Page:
The uncertainty emerging from changes in legislation for packaging and emissions means that local authorities are considering insourcing environmental services which are currently outsourced. Insourcing has the advantage of the local authority having direct control over the output, performance, and cost of the services. It allows the local authority to develop the services over time. However, it means that the local authority takes all risks for the delivery and performance of the services, and there is no competition in pricing that comes from tendering services.
A decision on the insourcing or outsourcing of services should be guided by a delivery options appraisal. The staffing costs for local authorities bringing services in-house can be greater than outsourcing. This is because the authority pays Local Government Pension Scheme (LGPS) contributions which are around 19% of salary against a minimum of 3% payable by contractors. Local authorities can avoid paying LGPS pension contributions by delivering the services though a Local Authority Trading Company (LATC). Local authorities can also get economies of scale through partnering with other local authorities. There is no clear picture whether in-house services cost more or less than outsourced services in the long term, but insourcing gives the local authority greater direct control of costs.
Some local authorities shy against bringing services in-house because of the time and resources involved, together with the lack of in-house experience of service delivery. Services can be brought in house in 12 months, equal to the typical time taken to procure and mobilise a contract. However, depending on the asset ownership in the outsourced arrangements, this time period may be dependent upon the delivery of vehicles for waste collection contracts (which is around 18 months for Euro 6 diesel or alternative fuelled vehicles). Local authorities can procure resources and advice for planning the transition and TUPE employee transfer.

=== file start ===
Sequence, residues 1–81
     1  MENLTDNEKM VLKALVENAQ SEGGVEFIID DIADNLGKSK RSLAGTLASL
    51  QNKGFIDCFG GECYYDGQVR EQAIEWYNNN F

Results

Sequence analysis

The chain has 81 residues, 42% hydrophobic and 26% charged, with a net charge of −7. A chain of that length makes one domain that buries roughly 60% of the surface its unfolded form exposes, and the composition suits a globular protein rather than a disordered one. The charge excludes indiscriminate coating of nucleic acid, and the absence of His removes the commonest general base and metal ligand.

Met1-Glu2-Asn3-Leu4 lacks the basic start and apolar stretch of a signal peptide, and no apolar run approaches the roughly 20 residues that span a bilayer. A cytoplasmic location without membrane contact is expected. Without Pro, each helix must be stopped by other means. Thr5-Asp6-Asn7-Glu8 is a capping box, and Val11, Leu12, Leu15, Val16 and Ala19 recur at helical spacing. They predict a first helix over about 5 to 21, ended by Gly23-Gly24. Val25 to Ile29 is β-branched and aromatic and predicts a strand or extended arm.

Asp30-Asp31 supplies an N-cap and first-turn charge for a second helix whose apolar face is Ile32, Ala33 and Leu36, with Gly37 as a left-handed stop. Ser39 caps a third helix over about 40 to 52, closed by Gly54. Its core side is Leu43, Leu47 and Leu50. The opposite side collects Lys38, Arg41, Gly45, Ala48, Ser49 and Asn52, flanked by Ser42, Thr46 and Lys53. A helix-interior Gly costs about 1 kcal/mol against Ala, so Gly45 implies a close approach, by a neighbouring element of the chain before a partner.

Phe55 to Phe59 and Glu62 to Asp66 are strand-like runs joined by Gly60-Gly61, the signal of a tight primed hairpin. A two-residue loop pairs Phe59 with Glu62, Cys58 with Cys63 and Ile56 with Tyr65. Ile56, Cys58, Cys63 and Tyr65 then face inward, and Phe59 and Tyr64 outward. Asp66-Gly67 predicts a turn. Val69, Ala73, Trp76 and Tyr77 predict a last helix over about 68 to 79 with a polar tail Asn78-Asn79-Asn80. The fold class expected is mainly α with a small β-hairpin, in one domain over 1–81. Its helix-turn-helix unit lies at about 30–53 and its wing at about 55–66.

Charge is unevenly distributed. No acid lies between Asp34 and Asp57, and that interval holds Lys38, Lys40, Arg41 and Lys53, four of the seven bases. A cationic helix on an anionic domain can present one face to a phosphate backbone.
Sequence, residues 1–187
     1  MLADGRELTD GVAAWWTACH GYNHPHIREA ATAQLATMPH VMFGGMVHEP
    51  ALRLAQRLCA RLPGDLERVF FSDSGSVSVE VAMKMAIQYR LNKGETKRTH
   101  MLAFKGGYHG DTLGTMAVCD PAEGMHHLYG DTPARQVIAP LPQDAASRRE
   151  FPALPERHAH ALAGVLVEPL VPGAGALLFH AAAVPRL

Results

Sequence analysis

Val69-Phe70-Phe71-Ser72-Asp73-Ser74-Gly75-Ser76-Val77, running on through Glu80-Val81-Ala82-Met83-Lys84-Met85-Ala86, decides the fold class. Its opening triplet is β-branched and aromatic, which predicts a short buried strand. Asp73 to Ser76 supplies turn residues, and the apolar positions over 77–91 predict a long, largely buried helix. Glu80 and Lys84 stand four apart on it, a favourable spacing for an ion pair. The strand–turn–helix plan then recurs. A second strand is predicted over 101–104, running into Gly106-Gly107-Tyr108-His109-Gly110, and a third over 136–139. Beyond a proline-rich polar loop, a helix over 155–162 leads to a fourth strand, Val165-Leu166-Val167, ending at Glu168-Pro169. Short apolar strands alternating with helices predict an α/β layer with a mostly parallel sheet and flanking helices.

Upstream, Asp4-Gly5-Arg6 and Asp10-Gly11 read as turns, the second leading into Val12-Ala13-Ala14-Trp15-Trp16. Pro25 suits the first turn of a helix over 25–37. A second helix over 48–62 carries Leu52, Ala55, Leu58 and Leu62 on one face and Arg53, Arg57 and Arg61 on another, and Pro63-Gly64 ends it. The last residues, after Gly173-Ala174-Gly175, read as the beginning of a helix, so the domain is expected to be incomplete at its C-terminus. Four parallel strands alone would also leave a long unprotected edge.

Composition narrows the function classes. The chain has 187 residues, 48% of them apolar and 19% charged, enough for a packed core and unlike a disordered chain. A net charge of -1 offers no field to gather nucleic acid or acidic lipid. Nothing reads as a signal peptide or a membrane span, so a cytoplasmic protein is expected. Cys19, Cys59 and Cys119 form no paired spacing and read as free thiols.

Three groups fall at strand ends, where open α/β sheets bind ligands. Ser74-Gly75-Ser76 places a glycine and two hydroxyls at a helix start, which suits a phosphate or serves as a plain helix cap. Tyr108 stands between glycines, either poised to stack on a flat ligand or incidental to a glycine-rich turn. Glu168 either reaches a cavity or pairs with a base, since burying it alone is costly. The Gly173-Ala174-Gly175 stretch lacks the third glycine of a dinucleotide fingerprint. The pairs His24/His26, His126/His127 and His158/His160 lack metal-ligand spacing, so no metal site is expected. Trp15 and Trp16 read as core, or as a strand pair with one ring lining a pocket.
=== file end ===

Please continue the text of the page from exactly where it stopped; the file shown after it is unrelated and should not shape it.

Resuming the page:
Local authorities should not be wary of the transition process itself, as this can be programmed into a series of manageable tasks. However, it is recommended that service change should not be made at the same time as in-house transfer, but should be left until the in-house services are embedded. The transition tasks include:
- Setting up a transition management team and engaging necessary resources
- Transfer of authority owned assets and depots to the authority including the termination of any Leases
- The TUPE transfer of contractor staff and the recruitment of any shortfall, and staff training
- The development of service operations documentation i.e. Service Delivery Plan
- Specification and purchase of new vehicles, plant and equipment including maintenance arrangements
- Setting up a Management Information System (MIS) for data and information management
- Transfer of Environmental Permits and/or Waste Management licences
- Purchase of necessary insurances
- Making exit arrangements for the existing contractor including any subcontracts with local authority continuation clauses
- Media and public relations regarding the new in-house service delivery
Frith Resource Management (FRM) has undertaken a wide variety of delivery options appraisals and feasibility studies for a range of environmental services (waste collection and street cleansing, depots, HWRCs and haulage) including negotiations with LATCs. We have supported clients in the transition to in-house services and supported outsourced procurement exercises.
Get in touch with us to find out how our FRM team can support your service delivery arrangements. E: email@example.com T: 01746 552423
Frith Resource Management Ltd is an ISO14001 & ISO9001 certified company.